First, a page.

Self-restraint is the third cardinal virtue which Gandhiji attempted to cultivate and advocate. If truth supports and love unites, Self-restraint gives the necessary strength to the Sadhaka and enables him to walk with courage and confidence on the Pathway to God. Self-restraint is the source of all strength, the spring of all power. It is the mother of so many virtues like non-stealing, celebacy, non-taste etc. Voluntary restraint is the privilege of man. Control of palate is the source of perfect health and strength. It will enable him to control all other senses with ease. And he who can conquer the senses can con­quer the whole world. Complete control of thought, word and deed alike, will bring a power of the highest potency and purity of the highest type, so very nece­ssary for receiving the grace of the Lord.
Selfless service is the last aspect of his moral Sadhana. "The only way to find God," he says, "is to see Him in His creation, and be one with it." "I am striving for the Kingdom of Heaven, which is spiritual deliverance. For me the road to salvation lies through incessant toil in the service of my country and there through of humanity." Gandhiji tried to reduce himself to a cipher, identify himself with every­thing that lives and live at peace with friend and foe alike. Thus did he hope to attain salvation through selfless service. He strongly maintained that loving service, offered in a spirit of humility, will bring about proper self-purification, which in the fullness of time, will lead to God-realization.
(iii) The Spiritual aspect of the Sadhana practised and preached by Gandhiji consisted of a living faith in God, heart-felt prayer, meditation on Ramanama, and self-surrender. Gandhiji highly extols "living immovable faith". "Intellect," he says, "takes us along the battle of life to a certain extent, but at critical moments, it fails us. Faith transcends reason. It is when the horizon is the darkest, and human reason is beaten down to the ground, that faith shines the brightest and comes to our rescue." "Faith is not a delicate flower that withers under the slightest stormy weather. It moves mountains and jumps across the ocean. That faith is nothing but the wide-awake consciousness of God within. He who has achieved that faith wants nothing. Bodily diseased, he is spiritually healthy; physically poor, he rolls in spiritual riches."
Prayer is the next spiritual Sadhana performed by Gandhiji. He himself was essentially a man of faith and prayer. "Prayer is really," he tells us, "complete meditation and melting into the higher Self-God." "He who hungers for the awakening of the Divine in him, must fall back upon prayer." Real prayer, ac­cording to him, prefers heart without words, to words without heart. It needs no speech. It must spring from the heart. Prayer is a call to humility — a call to self-purification, to inward search and peace. "I believe," declares Gandhiji, "that prayer is the very soul and essence of religion and therefore, it must be the very core of the life of man." Along with prayer, Gandhiji tried to enthrone Ramanama in his heart and took God's name with every breath. At the same time he developed the attitude of self- surrender to the Lord. "I have no strength," he says "save what God has given me. I know that I can do nothing, God can do everything. My greatest weapon is mute prayer." "God demands nothing less than complete self-surrender as the price for the only real freedom that is worth having. And when a man thus loses himself, he immediately finds himself in the service of all that lives. It becomes his de­light and recreation. He is a new man, never weary of spending himself in the service of God's Creation."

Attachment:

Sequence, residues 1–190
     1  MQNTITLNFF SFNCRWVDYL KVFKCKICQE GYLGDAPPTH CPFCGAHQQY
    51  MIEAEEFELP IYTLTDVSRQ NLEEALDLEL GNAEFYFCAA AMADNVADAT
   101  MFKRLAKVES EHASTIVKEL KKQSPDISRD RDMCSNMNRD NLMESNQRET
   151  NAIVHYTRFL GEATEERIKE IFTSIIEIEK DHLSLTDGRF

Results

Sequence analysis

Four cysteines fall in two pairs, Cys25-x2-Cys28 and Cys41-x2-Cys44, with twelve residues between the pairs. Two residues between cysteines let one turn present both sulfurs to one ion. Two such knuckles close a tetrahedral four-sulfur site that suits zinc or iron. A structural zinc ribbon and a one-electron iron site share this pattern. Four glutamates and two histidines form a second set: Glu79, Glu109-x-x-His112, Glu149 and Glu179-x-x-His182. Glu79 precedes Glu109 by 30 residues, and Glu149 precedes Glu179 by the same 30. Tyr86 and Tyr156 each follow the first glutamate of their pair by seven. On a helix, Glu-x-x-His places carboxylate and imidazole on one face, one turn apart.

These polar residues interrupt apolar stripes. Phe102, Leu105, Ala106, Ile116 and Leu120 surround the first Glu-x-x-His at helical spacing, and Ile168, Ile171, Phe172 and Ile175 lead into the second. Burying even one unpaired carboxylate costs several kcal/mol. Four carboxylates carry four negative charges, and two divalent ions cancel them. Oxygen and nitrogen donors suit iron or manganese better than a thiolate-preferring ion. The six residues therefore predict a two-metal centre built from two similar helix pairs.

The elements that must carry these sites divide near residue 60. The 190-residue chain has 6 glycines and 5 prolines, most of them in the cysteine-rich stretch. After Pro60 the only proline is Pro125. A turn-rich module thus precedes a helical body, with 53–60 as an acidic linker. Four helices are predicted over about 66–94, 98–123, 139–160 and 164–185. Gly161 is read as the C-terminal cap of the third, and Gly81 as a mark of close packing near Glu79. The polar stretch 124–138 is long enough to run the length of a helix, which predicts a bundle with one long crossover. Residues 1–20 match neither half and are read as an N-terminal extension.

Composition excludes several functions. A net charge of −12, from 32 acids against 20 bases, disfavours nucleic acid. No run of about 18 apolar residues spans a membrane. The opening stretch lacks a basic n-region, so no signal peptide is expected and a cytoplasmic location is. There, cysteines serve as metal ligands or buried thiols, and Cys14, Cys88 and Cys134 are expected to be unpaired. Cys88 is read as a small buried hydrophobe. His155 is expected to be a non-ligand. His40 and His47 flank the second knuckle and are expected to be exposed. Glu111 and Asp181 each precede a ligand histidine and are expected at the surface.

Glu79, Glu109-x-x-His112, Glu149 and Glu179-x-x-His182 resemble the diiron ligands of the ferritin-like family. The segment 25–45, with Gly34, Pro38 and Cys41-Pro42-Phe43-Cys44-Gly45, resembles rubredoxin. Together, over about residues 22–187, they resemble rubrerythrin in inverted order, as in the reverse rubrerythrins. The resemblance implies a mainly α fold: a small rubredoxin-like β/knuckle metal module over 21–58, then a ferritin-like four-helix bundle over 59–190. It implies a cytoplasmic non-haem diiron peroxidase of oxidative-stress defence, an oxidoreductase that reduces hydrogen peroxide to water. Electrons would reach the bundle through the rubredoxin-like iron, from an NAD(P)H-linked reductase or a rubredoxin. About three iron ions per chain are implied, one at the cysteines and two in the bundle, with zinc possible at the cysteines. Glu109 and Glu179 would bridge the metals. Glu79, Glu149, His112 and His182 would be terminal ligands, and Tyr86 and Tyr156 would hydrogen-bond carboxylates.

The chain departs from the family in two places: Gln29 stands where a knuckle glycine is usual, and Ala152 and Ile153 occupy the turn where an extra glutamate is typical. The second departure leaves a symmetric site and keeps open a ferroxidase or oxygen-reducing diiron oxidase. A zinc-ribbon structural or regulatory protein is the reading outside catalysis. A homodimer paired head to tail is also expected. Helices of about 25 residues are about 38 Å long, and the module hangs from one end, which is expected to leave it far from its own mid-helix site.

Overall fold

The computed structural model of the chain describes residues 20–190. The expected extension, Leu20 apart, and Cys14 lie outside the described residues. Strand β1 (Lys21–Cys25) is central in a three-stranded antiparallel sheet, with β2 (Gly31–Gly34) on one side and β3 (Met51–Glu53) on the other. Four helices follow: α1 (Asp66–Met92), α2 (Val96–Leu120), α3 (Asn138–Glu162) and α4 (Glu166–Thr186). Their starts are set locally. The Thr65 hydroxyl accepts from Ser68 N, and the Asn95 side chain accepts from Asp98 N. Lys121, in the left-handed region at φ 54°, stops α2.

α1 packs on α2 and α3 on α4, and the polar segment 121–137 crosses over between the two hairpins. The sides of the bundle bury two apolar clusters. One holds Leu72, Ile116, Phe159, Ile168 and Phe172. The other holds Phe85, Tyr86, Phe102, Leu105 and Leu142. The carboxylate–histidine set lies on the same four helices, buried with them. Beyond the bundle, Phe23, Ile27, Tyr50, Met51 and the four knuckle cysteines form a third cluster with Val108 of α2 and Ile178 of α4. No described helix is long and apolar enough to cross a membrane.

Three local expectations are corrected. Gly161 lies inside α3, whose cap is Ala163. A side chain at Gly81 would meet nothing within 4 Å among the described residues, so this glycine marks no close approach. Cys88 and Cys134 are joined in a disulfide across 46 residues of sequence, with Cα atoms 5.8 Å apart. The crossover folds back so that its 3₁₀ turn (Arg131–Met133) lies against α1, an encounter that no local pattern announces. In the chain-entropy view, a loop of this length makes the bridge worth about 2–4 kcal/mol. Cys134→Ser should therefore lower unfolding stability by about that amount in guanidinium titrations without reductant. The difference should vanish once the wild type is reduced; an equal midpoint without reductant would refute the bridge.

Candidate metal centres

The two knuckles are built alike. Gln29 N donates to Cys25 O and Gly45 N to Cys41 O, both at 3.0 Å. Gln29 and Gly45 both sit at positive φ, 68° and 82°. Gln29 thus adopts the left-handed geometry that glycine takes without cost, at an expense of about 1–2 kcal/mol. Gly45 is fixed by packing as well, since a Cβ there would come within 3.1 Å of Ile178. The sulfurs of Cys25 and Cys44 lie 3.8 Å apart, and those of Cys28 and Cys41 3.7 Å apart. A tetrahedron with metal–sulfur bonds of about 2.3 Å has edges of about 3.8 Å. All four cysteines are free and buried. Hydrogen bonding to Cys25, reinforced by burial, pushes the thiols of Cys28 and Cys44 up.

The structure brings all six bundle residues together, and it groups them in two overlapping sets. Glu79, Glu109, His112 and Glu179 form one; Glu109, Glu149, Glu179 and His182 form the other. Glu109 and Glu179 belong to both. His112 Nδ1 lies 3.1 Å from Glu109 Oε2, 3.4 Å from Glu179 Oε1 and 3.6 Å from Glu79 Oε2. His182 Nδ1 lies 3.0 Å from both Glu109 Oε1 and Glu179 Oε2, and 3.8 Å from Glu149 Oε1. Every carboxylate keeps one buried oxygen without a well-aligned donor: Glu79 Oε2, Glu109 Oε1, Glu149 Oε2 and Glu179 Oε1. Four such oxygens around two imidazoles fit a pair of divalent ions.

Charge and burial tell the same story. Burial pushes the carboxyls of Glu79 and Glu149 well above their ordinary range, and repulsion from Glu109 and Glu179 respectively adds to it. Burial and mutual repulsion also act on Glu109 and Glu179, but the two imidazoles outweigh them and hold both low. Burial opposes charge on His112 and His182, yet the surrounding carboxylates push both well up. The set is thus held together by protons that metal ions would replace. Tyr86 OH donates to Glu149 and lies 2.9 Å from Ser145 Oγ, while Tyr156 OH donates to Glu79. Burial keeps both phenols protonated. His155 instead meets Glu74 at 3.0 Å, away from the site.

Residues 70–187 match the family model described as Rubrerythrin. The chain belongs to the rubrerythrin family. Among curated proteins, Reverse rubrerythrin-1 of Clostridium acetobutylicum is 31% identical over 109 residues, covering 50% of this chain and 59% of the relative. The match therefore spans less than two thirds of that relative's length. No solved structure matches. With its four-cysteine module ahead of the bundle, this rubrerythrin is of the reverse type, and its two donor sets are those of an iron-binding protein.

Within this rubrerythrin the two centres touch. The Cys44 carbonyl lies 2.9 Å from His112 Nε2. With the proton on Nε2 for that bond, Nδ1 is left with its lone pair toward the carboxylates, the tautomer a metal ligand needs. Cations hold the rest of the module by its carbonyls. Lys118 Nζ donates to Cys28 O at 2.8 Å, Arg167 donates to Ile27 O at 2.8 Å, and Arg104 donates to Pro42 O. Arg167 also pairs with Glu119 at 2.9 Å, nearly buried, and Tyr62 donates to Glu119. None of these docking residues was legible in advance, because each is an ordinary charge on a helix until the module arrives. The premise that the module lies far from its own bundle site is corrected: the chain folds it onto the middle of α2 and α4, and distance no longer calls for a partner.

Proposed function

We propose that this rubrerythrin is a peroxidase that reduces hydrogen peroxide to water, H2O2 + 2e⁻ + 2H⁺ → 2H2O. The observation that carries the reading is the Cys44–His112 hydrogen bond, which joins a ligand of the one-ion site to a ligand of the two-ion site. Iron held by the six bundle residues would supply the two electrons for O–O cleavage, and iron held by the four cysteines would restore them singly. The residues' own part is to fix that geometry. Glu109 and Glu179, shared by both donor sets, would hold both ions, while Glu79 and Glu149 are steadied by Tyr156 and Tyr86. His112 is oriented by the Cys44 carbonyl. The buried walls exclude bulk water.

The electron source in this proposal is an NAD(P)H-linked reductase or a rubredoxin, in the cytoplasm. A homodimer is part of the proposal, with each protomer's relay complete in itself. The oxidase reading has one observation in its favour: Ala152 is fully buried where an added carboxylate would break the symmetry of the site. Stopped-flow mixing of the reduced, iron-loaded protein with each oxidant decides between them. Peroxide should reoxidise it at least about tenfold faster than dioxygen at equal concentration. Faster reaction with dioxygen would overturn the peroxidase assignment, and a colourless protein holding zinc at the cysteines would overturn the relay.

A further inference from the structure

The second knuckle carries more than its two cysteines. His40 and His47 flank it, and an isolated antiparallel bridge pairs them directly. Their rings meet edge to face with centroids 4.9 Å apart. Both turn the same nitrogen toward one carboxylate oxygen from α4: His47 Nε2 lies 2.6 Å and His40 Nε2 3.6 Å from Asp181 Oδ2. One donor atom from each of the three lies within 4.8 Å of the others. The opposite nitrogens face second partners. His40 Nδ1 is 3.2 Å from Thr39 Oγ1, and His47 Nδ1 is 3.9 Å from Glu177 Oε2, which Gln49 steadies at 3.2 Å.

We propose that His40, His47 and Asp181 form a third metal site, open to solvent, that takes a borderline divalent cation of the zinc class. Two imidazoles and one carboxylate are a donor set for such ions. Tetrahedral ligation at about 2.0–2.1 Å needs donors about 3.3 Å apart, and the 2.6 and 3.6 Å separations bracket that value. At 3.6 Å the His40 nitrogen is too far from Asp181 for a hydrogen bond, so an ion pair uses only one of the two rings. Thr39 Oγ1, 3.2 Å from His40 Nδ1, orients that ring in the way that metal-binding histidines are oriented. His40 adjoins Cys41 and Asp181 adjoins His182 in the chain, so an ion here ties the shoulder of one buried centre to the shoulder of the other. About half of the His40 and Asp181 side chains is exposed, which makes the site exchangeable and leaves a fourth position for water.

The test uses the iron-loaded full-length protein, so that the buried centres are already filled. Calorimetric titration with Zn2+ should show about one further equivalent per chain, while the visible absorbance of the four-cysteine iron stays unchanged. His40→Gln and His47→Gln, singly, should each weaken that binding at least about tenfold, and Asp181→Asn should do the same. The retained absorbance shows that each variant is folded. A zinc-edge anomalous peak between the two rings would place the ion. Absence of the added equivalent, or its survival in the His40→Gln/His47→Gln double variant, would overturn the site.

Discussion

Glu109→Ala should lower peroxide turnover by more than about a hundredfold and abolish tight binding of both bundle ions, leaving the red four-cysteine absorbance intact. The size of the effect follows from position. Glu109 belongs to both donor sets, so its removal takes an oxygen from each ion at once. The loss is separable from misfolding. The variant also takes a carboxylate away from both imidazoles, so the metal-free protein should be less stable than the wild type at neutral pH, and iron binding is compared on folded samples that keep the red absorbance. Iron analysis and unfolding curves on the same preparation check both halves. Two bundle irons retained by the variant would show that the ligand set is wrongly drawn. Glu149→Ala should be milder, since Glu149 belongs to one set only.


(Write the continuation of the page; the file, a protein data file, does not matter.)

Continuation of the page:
His achievements
Now let us try to understand Gandhiji's concep­tion of God-realization as well as his actual achieve­ment. Says he, "I hold that complete realization of God is impossible in this embodied life. Nor is it necessary. A living immovable faith is all that is required for reaching the full spiritual height attain­able by human being." To him, God-realization is a supersensuous experience, consisting in the feeling of His constant presence in the heart. However, he appears to have enjoyed other spiritual experiences as well. Shri Gurudeva Dr. Ranade has told us that Gandhiji was more an audile than a photist 6r a morphist. Gandhiji speaks about the Inner Voice which may be likened to the Anahata sound heard by the mystics. Though small in the beginning, it gradually appears to have assumed greater and greater sonorousness and power. "The Divine Music," he tells us, "is incessantly going on within ourselves. But our loud senses drown the delicate music, which is unlike and infinitely superior to anything we can hear with our senses." Along with this "Still Small Voice" Gandhiji speaks about "the Pillar of Fire" and the "Inner Light". "When this Light corresponds, with the promptings of the Inner Voice," he says, "then that spark has the flash of inspiration." He also speaks about the Lustre of Truth which is "million- times more brilliant than that of the sun." Gandhiji appears to have received messages and heard actual words emerging from the Inner Voice—words from God. About the authenticity of these messages Gandhiji declares: "I can say this that not the unanimous verdict of the whole world against me could shake me from the belief that what I heard was the true Voice of God. . . . For the Voice was more real than my existence."